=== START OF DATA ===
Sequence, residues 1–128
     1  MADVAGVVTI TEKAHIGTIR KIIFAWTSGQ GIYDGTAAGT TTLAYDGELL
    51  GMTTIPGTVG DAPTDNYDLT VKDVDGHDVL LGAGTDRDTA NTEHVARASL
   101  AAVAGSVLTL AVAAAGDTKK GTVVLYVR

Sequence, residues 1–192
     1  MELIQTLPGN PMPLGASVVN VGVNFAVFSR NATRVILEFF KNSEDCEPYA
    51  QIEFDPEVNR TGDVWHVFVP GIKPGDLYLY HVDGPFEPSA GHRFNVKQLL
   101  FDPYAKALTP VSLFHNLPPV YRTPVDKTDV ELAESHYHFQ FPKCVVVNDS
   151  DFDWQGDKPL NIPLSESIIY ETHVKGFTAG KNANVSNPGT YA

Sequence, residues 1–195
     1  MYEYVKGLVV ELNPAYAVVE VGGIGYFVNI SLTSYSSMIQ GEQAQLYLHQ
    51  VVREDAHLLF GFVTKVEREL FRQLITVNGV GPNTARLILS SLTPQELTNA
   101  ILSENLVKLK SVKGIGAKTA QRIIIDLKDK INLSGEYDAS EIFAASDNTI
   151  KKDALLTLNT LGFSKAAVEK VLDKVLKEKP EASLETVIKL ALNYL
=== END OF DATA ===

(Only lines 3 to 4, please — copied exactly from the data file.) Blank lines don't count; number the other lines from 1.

    51  GMTTIPGTVG DAPTDNYDLT VKDVDGHDVL LGAGTDRDTA NTEHVARASL
   101  AAVAGSVLTL AVAAAGDTKK GTVVLYVR